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THE SECOND BROTHER; AN UNFINISHED DRAMA, by                 Poet Analysis     Poet's Biography
First Line: Fair shine this evening's stars upon your pleasure
Last Line: . . . . . . .
Subject(s): Brothers; Courts & Courtiers; Death; Deception; Fathers; Love; Magic; Marriage; Nile (river); Pleasure; Politics & Government; Travel; Wealth; Half-brothers; Royal Court Life; Royalty; Kings; Queens; Dead, The; Weddings; Husbands; Wives; Journeys; Trips

Mich. Fair shine this evening's stars upon your pleasures,
Battista Sorbi!
Batt. Sir, well met to-night:
Methinks our path is one.
Mich. And all Ferrara's.
There's not a candle lit to-night at home;
And for the cups,—they'll be less wet with wine
Than is the inmost grain of all this earth
With the now-falling dew. None sit in doors,
Except the babe, and his forgotten grandsire,
And such as, out of life, each side do lie
Against the shutter of the grave or womb.
The rest that build up the great hill of life,
From the crutch-riding boy to his sweet mother,
The deer-eyed girl, and the brown fellow of war,
To the grey-head and grandest sire of all
That's half in heaven,—all these are forth to-night;
And there they throng upon both sides the river,
Which, guessing at its hidden banks, flows on,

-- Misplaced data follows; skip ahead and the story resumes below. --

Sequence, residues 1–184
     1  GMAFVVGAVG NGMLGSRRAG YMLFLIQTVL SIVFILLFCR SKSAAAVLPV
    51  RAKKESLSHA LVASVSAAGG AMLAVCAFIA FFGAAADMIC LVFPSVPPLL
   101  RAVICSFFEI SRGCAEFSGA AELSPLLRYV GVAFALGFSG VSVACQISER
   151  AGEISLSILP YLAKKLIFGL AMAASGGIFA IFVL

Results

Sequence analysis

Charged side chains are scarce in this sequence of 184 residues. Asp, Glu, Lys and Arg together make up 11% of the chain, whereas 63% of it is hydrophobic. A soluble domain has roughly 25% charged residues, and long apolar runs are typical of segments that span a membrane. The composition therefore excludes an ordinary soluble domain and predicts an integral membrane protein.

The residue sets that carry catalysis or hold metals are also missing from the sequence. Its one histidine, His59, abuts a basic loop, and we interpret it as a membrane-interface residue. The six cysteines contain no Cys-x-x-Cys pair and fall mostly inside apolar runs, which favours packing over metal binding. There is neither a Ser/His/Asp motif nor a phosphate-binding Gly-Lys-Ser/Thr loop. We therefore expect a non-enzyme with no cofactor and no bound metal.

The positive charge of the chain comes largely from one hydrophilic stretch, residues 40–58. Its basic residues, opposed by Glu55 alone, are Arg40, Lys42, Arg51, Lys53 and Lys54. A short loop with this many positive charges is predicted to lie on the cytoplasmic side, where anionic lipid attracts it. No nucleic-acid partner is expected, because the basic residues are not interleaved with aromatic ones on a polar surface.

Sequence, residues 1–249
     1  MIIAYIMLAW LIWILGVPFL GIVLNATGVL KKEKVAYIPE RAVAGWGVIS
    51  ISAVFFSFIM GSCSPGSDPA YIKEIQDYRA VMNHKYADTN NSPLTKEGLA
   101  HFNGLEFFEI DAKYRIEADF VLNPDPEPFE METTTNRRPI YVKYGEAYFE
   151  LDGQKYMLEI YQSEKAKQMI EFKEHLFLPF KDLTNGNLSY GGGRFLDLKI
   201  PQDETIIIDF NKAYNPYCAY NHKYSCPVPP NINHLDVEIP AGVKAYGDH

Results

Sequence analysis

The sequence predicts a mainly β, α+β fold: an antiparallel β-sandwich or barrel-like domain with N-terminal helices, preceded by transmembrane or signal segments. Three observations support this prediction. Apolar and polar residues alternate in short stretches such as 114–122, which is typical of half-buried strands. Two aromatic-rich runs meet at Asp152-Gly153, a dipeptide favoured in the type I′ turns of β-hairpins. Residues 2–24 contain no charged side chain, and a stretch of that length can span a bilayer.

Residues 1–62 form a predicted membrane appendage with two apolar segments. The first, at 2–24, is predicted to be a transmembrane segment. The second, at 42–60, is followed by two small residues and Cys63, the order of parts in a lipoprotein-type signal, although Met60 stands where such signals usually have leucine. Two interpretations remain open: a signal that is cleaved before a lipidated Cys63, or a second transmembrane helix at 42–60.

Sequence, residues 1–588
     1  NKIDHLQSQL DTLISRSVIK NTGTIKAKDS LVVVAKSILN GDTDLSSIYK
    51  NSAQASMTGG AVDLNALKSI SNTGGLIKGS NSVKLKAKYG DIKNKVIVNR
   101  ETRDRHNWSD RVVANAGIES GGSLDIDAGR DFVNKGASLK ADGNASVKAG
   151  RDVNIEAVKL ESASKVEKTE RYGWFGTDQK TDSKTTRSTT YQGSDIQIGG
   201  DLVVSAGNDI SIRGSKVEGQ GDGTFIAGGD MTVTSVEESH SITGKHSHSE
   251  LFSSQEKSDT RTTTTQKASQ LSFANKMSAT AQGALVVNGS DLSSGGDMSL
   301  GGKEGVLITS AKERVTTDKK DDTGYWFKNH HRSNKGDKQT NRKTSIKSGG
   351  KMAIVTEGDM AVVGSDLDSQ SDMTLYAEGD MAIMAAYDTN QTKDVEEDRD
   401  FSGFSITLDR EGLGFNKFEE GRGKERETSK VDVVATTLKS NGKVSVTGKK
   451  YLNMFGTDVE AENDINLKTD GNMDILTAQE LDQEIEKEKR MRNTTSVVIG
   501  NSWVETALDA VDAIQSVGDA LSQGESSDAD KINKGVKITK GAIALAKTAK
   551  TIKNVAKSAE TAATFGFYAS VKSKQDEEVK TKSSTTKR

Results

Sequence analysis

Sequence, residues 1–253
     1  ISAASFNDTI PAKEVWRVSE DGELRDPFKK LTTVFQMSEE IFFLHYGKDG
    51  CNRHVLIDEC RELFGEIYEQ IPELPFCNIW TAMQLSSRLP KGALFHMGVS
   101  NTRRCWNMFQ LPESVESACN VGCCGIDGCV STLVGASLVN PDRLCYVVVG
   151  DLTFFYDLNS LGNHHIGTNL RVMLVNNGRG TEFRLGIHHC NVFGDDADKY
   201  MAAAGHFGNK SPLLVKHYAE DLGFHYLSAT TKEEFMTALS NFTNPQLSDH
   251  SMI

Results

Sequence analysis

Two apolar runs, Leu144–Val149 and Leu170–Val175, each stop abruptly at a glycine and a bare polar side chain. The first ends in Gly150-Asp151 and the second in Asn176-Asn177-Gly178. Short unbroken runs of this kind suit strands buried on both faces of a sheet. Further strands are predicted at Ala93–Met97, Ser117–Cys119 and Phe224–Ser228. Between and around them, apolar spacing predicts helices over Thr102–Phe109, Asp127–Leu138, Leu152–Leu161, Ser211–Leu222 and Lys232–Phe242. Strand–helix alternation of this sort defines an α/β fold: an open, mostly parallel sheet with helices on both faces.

A water-stream betwixt two tides of flesh:—
And still the streets pour on, each drop a man;
You'd think the deluge was turned upside down,
And flesh was drowning water.
Batt. Where go they?
To the feast, the wine, the lady-footed dance—
Where you, and I, and every citizen
That has a feathered and a jewelled cap,
And youthful curls to hang beside it brownly,—
To the Duke's brother, Lord Orazio's palace.
Marc. (aside) Orazio! what of him?
Mich. Ay, that's a man
After the heart of Bacchus! By my life,
There is no mortal stuff, that foots the earth,
Able to wear the shape of man, like him,
And fill it with the carriage of a god.
We're but the tools and scaffolding of men,
The lines, the sketch, and he the very thing:
And, if we share the name of manhood with him,
Thus in the woods the tattered, wool-hung briar,
And the base, bowing poplar, the wind's slave,
Are trees,—and so's the great and kingly oak,
Within whose branches, like a soul, does dwell
The sun's bold eagle:—as the villain fox,
The weazel, and the sneaking cur are beasts,—
While he, whose wine is in a giant's heart,
The royal lion has no bigger name.
Let men be trees, why then he is the oak;
Let men be beasts, he is their lion-master;
Let them be stars, and then he is a sun,
A sun whose beams are gold, the night his noon,
His summer-field a marble hall of banquets,
With jasper, onyx, amber-leaved cups
On golden straws for flowers, and, for the dew,
Wine of the richest grape. So let's not talk
And breathe away the time, whose sands are thawed
Into such purple tears, but drink it off.
Batt. Why then, away! let's fit our velvet arms,